Andy Warhol, Silver Screen
Last winter, I featured an outfit that reminded me very much of one of my favourite pop artists, Roy Lichtenstein. In that entry, I hinted that wouldn’t be the last time I pay homage to an artist in dress. Today is the fulfillment of that promise. Although, I didn’t stray too far in my point of reference – I just moved from one pop artist to another. This shirt came home from the thrift store because it reminded me of the oft-imitated Andy Warhol. In particular, it brought to mind his Flowers series – especially the 1964 original:
My university art prof wouldn’t be surprised to see Andy make an appearance on the blog, my relationship with Andy is a long one. I somehow managed to write (or paint) him into nearly every major modern art project I’ve done over the past decade. It started with a grade 10 painting of a repeated shrieking baby in garish greens. It ended with a tragic tribute to a bald Britney Spears in the midst of her 2008 breakdown for my senior Modern Art final:
I’m honest enough with myself to realize that an obsession with Andy Warhol is an art student cliche these days. Now more than ever, edgy millennials pin, share, post and hang Warhol without a second thought. He’s become dangerously familiar. His work has ascended to the same level of pop-cultural awareness as, say, a Campbell’s soup can in the 60s (that just got really meta…). However, that doesn’t take away the potency of his legacy, nor does it diminish the genuine influence he’s had on my own aesthetic and worldview. In many ways, it just affirms he was a prophet as much as an artist.
So what is it about Andy’s work that will forever continue to hold sway over arty college students? My own experience with primary art education will likely ring true for many for you, and maybe shed some light on the Warhol phenomena. It went a little like this: You meet the Mona Lisa in grade 3, Michelangelo in grade 5, and if you’re lucky, Monet in Grade 6. Then you repeat that for a few more years. Don’t get me wrong – there is much to be gained from the pages of art history, but after years of art education that seemed to begin and end with the Renaissance, the discovery of Warhol was a welcomed shock to my apathetic teenaged brain. Instead of frescoes, oils, and chiaroscuro, Andy gives us silk-screened canvases set ablaze with hot pinks, neon yellows, and primary reds. Rather than Venus and St. Paul, he gives us Elvis and Marilyn. The day I encountered Andy, I found myself staring down a host of new possibilities, because he made me realize that art is anything.
William John Kennedy | Warhol Flowers XXII, Executed: 1964 Printed: 2012
As someone who still watches too much TV and may indulge in a celebrity blog now and again, Warhol gave me validation that pop culture is worth exploring – it’s a subject every bit as valid for artistic exploration as a landscape or still life. There is so much to be learned from it.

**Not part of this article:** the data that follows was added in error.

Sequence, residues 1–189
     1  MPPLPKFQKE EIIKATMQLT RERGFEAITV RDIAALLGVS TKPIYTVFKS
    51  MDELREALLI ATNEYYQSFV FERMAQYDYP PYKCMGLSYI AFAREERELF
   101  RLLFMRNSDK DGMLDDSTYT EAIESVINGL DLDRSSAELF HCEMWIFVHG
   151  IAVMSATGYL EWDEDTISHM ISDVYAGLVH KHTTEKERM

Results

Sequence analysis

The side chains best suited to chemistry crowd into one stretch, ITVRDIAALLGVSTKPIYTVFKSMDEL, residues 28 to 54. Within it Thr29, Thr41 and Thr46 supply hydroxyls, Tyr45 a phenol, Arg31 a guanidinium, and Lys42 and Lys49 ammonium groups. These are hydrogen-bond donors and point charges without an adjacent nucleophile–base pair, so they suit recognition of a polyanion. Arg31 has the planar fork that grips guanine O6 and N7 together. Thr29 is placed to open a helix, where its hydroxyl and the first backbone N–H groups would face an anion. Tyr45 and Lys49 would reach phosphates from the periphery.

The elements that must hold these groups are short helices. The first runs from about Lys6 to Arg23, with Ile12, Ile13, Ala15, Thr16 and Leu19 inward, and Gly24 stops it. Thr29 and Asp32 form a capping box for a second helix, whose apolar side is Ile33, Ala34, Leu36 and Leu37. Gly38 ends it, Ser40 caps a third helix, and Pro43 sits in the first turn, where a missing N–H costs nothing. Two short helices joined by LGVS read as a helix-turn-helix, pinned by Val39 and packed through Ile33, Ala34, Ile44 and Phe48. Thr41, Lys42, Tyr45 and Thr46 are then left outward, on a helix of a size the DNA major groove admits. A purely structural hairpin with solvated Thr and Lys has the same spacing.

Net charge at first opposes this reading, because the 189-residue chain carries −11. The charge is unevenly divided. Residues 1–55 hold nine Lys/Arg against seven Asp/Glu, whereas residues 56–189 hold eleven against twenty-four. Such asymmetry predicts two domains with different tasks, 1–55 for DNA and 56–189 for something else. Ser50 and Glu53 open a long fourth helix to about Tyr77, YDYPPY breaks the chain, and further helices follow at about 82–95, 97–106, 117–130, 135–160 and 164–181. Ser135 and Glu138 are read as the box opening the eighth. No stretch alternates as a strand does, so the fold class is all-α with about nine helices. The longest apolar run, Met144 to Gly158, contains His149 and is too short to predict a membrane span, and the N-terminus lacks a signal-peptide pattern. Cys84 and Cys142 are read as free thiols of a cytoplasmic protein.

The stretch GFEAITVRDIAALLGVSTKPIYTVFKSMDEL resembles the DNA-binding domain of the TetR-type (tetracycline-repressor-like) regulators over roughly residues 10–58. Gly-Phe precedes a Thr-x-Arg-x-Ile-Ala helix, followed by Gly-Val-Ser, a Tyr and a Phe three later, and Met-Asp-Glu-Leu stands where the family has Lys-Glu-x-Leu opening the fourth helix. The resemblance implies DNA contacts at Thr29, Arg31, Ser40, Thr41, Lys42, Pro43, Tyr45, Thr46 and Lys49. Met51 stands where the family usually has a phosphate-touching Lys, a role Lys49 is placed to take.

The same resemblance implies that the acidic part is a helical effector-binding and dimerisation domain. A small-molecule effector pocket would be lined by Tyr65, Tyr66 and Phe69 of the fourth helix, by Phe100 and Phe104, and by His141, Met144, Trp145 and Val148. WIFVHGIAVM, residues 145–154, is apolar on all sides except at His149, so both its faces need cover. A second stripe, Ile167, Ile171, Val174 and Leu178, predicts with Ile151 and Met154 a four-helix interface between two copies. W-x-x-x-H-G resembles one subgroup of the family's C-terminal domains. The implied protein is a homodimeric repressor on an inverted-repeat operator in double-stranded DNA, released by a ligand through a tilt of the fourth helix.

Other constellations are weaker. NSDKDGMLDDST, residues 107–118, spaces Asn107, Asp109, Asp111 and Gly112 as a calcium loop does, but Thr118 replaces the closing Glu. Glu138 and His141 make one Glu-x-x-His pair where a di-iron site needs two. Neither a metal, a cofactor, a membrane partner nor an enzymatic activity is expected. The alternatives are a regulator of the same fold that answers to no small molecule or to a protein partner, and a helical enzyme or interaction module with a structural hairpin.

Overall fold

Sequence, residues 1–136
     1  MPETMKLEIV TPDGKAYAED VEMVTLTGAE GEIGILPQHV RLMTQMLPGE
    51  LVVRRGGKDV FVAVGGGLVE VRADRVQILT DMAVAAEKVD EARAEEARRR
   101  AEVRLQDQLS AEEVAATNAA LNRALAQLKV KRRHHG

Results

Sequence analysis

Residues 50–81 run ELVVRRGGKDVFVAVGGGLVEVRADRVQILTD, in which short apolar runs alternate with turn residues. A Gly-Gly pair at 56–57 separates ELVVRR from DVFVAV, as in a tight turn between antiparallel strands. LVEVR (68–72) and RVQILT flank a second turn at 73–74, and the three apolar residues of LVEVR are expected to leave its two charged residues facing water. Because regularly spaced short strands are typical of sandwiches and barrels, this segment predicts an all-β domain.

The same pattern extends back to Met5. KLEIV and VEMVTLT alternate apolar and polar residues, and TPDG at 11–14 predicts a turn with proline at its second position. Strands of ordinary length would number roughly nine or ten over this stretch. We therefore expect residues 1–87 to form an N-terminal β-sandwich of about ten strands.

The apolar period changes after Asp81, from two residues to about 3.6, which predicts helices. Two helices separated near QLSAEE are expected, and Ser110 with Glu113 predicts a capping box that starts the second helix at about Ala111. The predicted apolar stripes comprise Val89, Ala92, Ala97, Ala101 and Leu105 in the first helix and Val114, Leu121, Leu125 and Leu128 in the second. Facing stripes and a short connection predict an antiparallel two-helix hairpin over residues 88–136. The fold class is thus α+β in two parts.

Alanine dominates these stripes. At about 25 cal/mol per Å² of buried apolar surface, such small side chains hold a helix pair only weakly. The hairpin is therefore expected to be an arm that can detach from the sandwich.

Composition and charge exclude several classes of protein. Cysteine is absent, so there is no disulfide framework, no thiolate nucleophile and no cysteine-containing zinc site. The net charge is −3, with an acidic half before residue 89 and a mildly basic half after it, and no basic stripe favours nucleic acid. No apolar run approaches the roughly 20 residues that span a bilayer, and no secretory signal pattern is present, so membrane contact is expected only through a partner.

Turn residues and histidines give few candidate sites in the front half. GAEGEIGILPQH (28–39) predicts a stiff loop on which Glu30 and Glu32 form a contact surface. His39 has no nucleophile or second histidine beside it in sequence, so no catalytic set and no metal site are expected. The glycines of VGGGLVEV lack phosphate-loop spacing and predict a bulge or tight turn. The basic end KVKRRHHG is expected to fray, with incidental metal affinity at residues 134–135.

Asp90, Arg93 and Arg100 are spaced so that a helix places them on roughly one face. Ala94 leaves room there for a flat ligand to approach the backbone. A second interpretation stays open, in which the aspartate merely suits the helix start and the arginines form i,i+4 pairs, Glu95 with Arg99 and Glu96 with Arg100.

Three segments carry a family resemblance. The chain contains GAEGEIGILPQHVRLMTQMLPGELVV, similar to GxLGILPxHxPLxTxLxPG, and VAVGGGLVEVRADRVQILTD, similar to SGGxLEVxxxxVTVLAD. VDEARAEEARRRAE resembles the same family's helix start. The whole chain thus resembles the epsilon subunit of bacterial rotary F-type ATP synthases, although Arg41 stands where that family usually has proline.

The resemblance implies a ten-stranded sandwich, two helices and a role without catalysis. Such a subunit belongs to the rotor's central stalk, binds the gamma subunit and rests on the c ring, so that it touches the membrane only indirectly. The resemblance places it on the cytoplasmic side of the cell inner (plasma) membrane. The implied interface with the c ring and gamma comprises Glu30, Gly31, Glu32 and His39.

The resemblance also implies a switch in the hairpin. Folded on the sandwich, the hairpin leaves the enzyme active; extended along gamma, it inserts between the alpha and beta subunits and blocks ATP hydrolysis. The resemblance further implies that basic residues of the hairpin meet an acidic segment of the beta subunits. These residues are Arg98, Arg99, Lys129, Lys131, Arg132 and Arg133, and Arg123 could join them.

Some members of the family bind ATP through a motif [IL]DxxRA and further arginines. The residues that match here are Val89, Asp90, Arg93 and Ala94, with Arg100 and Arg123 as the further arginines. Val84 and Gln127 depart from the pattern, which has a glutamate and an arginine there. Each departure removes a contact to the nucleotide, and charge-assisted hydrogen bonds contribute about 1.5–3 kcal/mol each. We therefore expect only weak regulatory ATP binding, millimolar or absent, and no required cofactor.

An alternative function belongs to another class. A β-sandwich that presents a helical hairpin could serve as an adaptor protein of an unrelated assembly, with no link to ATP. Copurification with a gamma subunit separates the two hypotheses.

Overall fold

I think, too, part of Warhol’s draw is his deceptive simplicity: deceptive in that he didn’t set out to create art for trendy 20-somethings. He set out creating dark and murky mirrors for an overly-consumerized society. College kids might share a Warhol quote because it says something snappy and it’s set in Helvetica, but Andy’s always been toying will all of us: There is so much more behind the canvas. Take the Flowers my shirt is referencing:
“What is incredible about the best of the flower paintings (especially the large ones) is that they present a distillation of much of the strength of Warhol’s art–the flash of beauty that suddenly becomes tragic under the viewer’s gaze. The garish and brilliantly colored flowers always gravitate toward the surrounding blackness and finally end up in a sea of morbidity. No matter how much one wishes these flowers to remain beautiful they perish under one’s gaze, as if haunted by death.” (J. Coplans, “Andy Warhol: The Art”, Andy Warhol, exh. cat., Pasadena Art Museum, 1970, p.52).
Whoa. That got a little heavy, didn’t it? But that right there sums up my attraction to Warhol’s work – it subverts the superficial with, well, the superficial. We could all spend a lifetime striving to do something as poignant, and never quite get there.
You’re not going to find any attempts at poignancy here today – just a funky t-shirt and a few words on a artist I love. I’m thankful for Andy Warhol. I’m thankful for his Flowers. I’m thankful for this thrifted shirt that prompted one more Warholian reflection. And, finally, I’m thankful for these stretchy gray pants that mark the official end to my dry spell in thrifting pants. OK, that’s not entirely related, but it needed to be said. Poignancy aside, I know Andy would appreciate a good pair of trousers.
#fashion #art #warhol #modernart #popart #andywarhol #thrifting